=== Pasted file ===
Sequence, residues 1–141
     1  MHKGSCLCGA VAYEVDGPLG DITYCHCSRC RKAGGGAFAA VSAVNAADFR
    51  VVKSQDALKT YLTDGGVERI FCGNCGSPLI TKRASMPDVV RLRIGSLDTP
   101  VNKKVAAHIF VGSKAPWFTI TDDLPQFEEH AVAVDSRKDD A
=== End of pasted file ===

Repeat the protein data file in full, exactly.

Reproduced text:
Sequence, residues 1–141
     1  MHKGSCLCGA VAYEVDGPLG DITYCHCSRC RKAGGGAFAA VSAVNAADFR
    51  VVKSQDALKT YLTDGGVERI FCGNCGSPLI TKRASMPDVV RLRIGSLDTP
   101  VNKKVAAHIF VGSKAPWFTI TDDLPQFEEH AVAVDSRKDD A